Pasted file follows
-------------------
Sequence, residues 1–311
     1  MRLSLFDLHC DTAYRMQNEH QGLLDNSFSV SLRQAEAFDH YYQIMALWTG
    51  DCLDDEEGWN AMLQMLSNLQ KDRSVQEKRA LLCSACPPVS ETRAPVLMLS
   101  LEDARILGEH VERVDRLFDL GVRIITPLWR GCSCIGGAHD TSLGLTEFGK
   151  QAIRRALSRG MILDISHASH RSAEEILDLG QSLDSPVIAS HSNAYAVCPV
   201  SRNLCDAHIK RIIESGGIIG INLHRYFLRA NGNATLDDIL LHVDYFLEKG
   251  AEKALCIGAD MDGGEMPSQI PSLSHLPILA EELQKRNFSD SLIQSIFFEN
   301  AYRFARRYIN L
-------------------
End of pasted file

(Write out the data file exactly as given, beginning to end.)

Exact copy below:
Sequence, residues 1–311
     1  MRLSLFDLHC DTAYRMQNEH QGLLDNSFSV SLRQAEAFDH YYQIMALWTG
    51  DCLDDEEGWN AMLQMLSNLQ KDRSVQEKRA LLCSACPPVS ETRAPVLMLS
   101  LEDARILGEH VERVDRLFDL GVRIITPLWR GCSCIGGAHD TSLGLTEFGK
   151  QAIRRALSRG MILDISHASH RSAEEILDLG QSLDSPVIAS HSNAYAVCPV
   201  SRNLCDAHIK RIIESGGIIG INLHRYFLRA NGNATLDDIL LHVDYFLEKG
   251  AEKALCIGAD MDGGEMPSQI PSLSHLPILA EELQKRNFSD SLIQSIFFEN
   301  AYRFARRYIN L